TM: It has been some of the most fun work I've done. He approaches every project feet-first, making daring and surprising decisions that push everyone around him to perform at their best. Plus, there always seems to be a sense of wonder on his part at what he is able to pull off, which makes his projects even more gratifying. He's a true original, and I feel lucky to have had the chance to work so closely with him.
PSF: What was it like when that dog. reunited?
TM: We were all very cautious leading up to the reunion. It was a long time coming, and none of us was sure how it would feel playing together again. But it was clear fairly quickly that we had all grown and evolved as people, and we were in agreement that we would take things one step at a time to make sure we were all comfortable before committing to doing too much. It was surprisingly easy to slip back to the sense of humor that bonded us when we were first playing together all those years ago, which helped a lot. Of course, Petra ultimately decided not to continue with us after that first batch of shows, which was disappointing at first. But Anna, Rachel and I have had an amazing time creating new music together since then, and I feel really proud of what we have achieved.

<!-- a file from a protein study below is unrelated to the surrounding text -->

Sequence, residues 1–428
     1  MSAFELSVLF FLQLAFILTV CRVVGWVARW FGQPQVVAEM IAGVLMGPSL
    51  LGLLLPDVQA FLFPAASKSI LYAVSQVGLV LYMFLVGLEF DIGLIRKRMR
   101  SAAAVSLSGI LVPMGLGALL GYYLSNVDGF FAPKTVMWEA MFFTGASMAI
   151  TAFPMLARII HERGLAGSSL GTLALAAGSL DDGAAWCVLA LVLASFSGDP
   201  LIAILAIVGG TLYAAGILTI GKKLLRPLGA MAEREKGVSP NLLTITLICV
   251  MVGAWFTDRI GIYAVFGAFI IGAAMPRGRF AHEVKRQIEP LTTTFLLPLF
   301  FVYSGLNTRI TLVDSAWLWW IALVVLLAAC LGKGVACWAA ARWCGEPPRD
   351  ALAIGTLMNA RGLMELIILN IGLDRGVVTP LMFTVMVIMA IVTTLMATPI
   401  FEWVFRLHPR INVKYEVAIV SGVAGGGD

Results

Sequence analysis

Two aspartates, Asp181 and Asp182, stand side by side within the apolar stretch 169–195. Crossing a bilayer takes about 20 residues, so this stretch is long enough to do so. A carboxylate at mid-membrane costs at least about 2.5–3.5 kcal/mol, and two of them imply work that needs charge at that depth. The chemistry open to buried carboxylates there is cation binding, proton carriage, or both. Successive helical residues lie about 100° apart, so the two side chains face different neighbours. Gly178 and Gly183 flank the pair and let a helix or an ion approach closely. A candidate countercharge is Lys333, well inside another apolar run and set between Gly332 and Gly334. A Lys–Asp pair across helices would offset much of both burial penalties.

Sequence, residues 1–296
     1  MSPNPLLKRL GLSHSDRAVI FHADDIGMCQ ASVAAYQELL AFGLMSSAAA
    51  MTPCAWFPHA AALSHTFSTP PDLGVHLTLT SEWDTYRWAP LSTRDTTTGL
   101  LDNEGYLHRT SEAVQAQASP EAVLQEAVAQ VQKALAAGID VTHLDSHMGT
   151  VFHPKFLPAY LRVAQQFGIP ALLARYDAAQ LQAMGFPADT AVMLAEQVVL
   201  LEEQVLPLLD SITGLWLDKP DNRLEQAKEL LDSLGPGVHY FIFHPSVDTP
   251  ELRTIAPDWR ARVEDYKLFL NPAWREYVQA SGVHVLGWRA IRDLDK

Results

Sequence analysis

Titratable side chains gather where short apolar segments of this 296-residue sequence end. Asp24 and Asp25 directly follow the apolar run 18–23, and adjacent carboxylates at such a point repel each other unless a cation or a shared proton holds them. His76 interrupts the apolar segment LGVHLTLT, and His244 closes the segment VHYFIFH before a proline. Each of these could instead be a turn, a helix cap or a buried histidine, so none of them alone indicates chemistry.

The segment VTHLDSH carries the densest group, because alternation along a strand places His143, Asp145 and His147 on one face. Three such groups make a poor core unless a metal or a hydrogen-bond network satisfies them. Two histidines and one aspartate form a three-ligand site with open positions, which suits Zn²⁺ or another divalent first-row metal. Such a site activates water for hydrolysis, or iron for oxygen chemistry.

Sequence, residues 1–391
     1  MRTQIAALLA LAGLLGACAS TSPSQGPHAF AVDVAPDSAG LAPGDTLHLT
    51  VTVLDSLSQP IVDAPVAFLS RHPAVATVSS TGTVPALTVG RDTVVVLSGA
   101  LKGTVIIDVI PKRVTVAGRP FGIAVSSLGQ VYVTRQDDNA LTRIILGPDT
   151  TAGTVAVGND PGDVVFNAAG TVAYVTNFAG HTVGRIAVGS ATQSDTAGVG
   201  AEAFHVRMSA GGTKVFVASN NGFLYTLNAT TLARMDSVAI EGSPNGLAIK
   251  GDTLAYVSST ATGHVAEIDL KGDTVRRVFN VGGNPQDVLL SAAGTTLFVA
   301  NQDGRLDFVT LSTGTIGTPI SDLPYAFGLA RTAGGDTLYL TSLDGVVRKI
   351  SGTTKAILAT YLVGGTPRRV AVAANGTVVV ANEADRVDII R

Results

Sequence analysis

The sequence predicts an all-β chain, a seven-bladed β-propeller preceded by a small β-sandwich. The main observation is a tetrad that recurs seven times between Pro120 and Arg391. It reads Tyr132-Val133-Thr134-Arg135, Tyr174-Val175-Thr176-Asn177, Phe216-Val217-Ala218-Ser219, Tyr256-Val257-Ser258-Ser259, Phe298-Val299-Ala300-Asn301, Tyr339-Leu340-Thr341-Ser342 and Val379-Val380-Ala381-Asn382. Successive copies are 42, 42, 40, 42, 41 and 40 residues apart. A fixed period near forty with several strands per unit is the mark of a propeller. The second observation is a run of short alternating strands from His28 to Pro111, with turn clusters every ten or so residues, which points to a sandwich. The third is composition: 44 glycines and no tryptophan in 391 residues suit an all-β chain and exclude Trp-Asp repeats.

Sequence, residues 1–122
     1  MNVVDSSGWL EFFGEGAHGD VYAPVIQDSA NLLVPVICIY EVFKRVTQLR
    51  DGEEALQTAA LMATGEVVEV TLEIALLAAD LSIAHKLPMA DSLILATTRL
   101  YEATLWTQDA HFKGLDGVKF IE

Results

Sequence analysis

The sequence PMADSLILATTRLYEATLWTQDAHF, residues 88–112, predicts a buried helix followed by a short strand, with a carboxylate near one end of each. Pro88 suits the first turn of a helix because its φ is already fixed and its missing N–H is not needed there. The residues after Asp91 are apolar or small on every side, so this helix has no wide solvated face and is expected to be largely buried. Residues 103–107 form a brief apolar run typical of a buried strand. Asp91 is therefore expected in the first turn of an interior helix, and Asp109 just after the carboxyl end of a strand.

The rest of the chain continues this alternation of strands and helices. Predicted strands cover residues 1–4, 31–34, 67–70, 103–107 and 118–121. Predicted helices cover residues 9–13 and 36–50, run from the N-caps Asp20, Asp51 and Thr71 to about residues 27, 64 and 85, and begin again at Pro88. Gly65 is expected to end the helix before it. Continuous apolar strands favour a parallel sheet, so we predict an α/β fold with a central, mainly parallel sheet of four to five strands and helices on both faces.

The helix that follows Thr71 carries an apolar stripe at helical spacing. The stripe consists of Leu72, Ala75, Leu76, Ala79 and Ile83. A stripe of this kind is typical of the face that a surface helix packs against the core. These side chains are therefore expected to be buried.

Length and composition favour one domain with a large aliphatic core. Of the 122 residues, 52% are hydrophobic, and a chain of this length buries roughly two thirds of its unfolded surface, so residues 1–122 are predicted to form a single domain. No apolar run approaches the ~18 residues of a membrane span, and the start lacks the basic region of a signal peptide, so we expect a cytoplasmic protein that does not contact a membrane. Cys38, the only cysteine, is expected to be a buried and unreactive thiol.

PSF: Anything you can tell me about the latest record (Old LP, 2019)?
TM: The new record has come about very slowly for a variety of reasons, one of which being that I live in New York and Anna and Rachel are across the country in L.A. We also wanted to make sure the music captured the spirit of what the band had done before while still pushing into new territory, which took some time to figure out. We brought in some awesome guest musicians to broaden our sound, which was a lot of fun. And recording a song with a full orchestra was a very exciting first for us. As I said earlier, we're really proud of the work, and I think it stands up against anything we've done before. Also, I'd be remiss in not thanking our fans for making it possible in the first place -- we ran a Kickstarter campaign to help fund the album, which was absolutely essential to it happening at all.
PSF: What are you up currently up to?
TM: I've been working in television since 2005, first at VH1 and currently at Nickelodeon. I'm the SVP Executive Creative Director for the brand creative team and oversee all the creative promotion -- i.e. commercials, digital content, social media content, etc. -- for the Nick brand. I love making things that put a smile on kids' faces, and my team creates around 120 pieces of content every week.
PSF: What do you think about the explosion of alternative rock in the '90's?
TM: First and foremost, I am just grateful it even happened, as it allowed me to have some magical experiences playing music that likely wouldn't have had otherwise.
PSF: What do you hope that dog.'s legacy will be?
TM: I hope we are recognized for our originality, emotional honesty and humor. And that we've proved once and for all that sweet vocal harmonies and dirty guitars go great together.
Also see Peter Crigler's website